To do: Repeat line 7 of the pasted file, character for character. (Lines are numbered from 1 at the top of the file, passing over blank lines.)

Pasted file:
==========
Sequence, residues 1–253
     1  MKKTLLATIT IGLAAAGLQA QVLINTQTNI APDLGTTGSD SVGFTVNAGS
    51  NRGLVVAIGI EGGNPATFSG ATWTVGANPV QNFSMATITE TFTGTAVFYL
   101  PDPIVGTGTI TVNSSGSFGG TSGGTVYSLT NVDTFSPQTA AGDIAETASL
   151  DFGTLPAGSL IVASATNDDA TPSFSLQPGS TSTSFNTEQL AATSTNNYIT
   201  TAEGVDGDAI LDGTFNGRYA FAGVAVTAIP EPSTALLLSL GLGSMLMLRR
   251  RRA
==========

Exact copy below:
   251  RRA